The Greek that is translated as “I came that they might have life, and have it abundantly” or similar in English has been translated in a a variety of ways:

  • Huehuetla Tepehua: “I came so that people might have life, and that they might be happy in their lives.”
  • Aguaruna: “But I, on the other hand, came saying ‘That they might live; that they might live contentedly, lacking nothing.'”
  • Yatzachi Zapotec: “I came in order to give eternal life and so that they would be extremely happy.”
  • Shipibo-Conibo: “I have come so that the sheep will live, and so that they will live very well.”
  • Asháninka: “I came to give them life, to really give them all life.”
  • Yanesha’: “For this I came, so that you will live, completely exceedingly.”
  • Xicotepec De Juárez Totonac: “I have come in order to give them their new life, which is better life.” (Source for this and above: John Beekman in Notes on Translation 12, November 1964, p. 1ff.)

Word of life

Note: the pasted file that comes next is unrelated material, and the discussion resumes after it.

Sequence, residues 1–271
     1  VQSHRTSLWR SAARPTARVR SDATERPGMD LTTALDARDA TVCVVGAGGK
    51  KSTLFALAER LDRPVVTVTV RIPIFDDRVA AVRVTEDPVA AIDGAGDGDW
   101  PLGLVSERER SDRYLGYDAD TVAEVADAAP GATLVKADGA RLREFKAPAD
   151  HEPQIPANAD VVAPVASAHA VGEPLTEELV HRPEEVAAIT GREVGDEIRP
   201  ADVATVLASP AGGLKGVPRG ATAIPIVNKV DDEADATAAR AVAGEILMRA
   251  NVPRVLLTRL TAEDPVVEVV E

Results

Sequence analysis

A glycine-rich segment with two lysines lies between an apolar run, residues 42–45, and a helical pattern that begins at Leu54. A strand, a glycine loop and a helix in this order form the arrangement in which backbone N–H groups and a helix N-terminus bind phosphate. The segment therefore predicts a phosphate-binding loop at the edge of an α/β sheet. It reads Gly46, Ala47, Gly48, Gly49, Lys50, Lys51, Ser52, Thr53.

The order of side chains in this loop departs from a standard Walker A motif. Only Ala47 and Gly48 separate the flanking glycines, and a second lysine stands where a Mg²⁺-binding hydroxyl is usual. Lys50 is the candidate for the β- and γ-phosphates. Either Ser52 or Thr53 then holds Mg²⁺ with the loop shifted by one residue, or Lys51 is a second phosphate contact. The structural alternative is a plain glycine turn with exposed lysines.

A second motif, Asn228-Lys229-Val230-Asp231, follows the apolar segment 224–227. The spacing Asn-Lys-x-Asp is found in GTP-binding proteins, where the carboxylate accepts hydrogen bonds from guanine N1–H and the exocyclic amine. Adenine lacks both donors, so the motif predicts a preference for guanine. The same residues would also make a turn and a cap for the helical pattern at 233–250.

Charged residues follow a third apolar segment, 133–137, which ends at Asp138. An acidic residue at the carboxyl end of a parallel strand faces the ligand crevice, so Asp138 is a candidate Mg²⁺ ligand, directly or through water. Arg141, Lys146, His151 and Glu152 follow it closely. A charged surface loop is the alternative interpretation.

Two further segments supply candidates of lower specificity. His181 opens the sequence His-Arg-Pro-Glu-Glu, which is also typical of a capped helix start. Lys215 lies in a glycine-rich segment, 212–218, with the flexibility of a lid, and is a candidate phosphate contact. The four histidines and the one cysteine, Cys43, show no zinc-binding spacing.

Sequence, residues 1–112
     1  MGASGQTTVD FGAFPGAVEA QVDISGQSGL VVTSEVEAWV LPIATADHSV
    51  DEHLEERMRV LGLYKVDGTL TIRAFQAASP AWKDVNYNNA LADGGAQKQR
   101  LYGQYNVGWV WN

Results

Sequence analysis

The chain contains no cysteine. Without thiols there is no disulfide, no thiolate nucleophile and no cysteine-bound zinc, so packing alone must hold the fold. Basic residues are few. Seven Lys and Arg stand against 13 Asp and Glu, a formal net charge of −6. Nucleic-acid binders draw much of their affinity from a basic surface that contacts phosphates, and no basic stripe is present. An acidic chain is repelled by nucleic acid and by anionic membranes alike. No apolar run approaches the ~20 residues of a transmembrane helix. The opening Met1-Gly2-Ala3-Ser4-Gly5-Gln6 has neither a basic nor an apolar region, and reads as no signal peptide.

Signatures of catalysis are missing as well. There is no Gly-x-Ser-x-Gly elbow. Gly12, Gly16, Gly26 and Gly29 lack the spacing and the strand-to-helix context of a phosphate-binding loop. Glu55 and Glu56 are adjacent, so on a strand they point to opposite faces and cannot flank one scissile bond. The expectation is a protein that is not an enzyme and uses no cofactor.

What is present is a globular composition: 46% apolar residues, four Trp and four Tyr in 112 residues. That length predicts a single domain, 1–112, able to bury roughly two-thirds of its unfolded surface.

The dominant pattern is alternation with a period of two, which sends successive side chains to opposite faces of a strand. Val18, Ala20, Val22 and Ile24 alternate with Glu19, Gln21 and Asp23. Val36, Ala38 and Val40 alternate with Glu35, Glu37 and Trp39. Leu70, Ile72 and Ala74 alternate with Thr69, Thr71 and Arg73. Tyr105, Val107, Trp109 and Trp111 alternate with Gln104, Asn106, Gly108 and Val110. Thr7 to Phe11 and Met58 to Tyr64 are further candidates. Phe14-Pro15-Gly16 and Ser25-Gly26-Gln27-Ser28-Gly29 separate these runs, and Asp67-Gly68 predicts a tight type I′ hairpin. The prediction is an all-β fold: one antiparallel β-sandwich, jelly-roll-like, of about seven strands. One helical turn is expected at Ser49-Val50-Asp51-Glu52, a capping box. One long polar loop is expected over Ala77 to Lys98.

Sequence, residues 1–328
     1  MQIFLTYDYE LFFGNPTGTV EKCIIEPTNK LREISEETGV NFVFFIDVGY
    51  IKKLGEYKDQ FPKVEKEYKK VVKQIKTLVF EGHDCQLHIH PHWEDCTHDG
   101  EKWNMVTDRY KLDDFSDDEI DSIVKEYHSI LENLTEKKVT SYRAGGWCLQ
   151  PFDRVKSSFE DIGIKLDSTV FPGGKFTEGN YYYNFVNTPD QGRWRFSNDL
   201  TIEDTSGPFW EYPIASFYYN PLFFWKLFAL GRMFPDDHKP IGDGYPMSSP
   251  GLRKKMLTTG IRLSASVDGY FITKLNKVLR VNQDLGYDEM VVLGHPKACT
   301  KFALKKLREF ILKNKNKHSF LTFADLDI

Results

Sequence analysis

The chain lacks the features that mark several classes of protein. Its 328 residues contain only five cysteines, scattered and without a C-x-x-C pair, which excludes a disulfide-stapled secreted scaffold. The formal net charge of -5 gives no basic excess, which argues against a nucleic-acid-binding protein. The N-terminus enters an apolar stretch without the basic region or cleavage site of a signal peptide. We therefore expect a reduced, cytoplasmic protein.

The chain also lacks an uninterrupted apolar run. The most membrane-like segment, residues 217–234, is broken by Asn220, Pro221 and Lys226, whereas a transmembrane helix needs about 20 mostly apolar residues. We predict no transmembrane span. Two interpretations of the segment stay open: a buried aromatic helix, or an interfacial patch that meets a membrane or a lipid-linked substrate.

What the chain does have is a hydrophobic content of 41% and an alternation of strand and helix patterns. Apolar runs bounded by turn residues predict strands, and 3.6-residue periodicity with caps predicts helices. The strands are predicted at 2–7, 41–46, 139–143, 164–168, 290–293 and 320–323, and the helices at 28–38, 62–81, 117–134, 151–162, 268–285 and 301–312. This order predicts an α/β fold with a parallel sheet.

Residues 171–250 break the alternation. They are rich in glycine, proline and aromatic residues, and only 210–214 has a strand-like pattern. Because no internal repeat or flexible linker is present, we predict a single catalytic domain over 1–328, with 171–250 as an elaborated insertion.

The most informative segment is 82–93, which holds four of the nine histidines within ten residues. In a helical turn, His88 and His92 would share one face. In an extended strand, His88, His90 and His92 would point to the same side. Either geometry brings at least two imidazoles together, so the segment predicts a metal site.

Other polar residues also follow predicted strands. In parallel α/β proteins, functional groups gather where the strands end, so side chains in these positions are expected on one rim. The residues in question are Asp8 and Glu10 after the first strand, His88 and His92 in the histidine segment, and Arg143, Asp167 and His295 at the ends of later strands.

The Greek that is translated as “Word of life” in most English versions is translated as “the one named Word, the one who gives life” in Garifuna and “the one called word that is in charge of all life” in Tzotzil.

Source: John Beekman in Notes on Translation November 1964, p. 1-22.

shake off the dust from your feet

The Greek that is translated as “shake off the dust from your feet” in English is translated in this occurrence in Matt. 10:14 as “shake off the dust from your feet to show renunciation” in Estado de México Otomi for clarification. In the other passages in Mark, Luke and Acts the Greek text gives a clarification as well. (Source: John Beekman in Notes on Translation, March 1965, p. 2ff.)

See also shake the dust off your feet.

bread of life

The Greek that is translated in English is translated in Bambam as “food of life” since “bread is considered a light and unnecessary snack.” (Source: Phil Campbell in Kroneman 2004, p. 500) Similarly, Huehuetla Tepehua has “that food that gives eternal life” and Aguaruna has “the food that gives eternal life.” (Source: M. Larson / B. Moore in Notes on Translation February 1970, p. 1-125)